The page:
For a further look at the excellent symbolic nature of water in Daoism I cite from Moss Roberts’ Dao De Jing, The Book of the Way (6):

Stanza 8

1 Perfect Mastery works like water:
2 A boon to every living creature,
3 In adverse relation never
4 At home where most can not abide,
5 Closest to the Way it lies.
6 For position, favor lower ground;
7 For thought, profundity;
8 For engaging, gentility;
9 For speaking, credibility;
10 For ruling, authority;
11 For Service, capability;
12 For action, suitability.
13 Avoiding confrontation
14 Eliminates accusation.
15 There is no other way.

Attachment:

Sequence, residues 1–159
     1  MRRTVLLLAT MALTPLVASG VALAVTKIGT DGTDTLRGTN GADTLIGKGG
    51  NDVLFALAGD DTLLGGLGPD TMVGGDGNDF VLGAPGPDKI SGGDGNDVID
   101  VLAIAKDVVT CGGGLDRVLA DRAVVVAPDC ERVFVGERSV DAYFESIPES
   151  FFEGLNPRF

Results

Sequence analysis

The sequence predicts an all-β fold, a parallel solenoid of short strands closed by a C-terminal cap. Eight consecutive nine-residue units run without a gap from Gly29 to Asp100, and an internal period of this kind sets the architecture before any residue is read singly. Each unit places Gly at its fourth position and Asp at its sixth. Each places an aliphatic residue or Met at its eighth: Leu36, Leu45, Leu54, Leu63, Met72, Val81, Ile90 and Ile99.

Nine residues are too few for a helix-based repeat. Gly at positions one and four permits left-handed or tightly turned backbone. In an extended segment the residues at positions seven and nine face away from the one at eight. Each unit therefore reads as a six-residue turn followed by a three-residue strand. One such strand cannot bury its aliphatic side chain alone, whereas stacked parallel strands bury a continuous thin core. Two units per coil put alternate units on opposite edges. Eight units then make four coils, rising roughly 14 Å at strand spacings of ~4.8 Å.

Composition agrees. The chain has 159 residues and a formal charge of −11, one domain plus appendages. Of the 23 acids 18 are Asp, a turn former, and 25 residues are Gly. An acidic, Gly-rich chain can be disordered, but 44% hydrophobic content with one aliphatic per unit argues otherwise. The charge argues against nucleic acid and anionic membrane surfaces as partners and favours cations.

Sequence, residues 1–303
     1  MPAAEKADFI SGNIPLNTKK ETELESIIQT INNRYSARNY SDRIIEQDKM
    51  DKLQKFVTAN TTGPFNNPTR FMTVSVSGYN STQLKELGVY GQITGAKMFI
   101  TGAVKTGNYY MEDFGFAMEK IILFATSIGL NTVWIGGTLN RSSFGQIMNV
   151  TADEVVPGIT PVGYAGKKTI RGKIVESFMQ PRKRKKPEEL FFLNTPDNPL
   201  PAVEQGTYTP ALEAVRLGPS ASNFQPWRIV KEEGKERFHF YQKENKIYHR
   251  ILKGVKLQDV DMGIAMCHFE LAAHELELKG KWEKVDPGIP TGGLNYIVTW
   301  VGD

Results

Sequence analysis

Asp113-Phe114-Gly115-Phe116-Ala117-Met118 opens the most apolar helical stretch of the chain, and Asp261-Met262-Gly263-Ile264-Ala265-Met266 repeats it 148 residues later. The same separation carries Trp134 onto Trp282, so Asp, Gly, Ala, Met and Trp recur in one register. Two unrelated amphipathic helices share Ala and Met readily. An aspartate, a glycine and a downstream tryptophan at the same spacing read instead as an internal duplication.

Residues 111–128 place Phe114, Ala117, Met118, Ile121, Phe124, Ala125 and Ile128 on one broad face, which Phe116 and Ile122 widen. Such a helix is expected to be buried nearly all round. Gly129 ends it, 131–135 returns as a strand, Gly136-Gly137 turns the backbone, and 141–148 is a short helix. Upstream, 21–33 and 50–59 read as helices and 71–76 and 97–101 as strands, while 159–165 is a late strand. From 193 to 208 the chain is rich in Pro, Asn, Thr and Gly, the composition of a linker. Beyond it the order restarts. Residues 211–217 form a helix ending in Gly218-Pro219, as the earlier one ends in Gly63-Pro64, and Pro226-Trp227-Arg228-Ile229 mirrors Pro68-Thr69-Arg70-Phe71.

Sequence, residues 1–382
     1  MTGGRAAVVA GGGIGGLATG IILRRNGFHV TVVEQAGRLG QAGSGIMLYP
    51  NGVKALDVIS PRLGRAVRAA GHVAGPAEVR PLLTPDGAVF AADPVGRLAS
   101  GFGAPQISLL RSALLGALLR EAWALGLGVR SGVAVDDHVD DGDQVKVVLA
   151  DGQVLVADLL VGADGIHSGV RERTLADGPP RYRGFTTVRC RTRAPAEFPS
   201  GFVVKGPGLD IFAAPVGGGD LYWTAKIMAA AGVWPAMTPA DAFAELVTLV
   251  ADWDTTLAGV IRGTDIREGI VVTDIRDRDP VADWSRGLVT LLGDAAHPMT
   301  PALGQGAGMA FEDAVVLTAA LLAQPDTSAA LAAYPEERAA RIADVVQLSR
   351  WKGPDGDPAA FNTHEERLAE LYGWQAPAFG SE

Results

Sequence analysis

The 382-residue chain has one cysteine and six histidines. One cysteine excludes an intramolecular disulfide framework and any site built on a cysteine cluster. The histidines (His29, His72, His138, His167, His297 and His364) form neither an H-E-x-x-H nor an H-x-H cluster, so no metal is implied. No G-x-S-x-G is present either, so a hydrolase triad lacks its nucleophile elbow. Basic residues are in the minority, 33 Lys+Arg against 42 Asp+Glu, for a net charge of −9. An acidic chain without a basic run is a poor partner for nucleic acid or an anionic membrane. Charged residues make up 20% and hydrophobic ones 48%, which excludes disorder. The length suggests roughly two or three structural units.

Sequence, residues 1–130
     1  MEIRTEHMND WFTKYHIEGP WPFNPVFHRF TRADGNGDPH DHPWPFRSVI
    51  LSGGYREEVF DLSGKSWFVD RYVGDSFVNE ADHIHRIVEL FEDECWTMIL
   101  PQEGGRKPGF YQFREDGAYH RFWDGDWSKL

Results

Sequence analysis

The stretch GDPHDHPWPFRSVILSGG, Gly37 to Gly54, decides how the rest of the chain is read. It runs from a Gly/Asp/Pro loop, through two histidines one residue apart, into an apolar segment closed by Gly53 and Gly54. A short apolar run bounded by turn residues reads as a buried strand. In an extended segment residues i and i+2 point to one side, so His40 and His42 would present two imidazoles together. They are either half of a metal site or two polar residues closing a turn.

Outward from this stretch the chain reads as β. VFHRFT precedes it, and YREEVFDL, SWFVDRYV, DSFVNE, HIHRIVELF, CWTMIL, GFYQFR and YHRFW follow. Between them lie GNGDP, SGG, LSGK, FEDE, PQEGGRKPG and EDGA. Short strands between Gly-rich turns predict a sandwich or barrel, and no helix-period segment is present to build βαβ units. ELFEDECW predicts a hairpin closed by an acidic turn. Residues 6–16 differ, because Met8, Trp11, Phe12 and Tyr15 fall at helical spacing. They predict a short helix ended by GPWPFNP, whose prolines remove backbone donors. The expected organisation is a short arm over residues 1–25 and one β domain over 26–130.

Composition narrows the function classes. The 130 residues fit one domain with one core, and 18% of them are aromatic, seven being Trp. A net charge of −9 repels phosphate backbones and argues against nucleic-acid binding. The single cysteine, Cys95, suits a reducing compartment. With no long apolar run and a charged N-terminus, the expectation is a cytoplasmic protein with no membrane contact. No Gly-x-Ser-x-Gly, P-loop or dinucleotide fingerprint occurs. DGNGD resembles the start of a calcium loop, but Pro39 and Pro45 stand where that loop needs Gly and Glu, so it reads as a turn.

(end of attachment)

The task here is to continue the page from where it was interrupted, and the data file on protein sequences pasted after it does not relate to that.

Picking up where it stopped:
There is much to glean from the Tao’s ‘Stanza 8’ regarding the symbolic nature of water. Truth, what is good. ‘A boon to every living creature’ (life giving, also perhaps love one’s fellow man), ‘In adverse relation never’ (flows around or over obstructions, not defensive or aggressive – ‘avoiding confrontation’), ‘For position, favor lower ground’ (humility), ‘At home where most cannot abide’. Simple and proper thinking. Water also has its purification and dilutive aspects.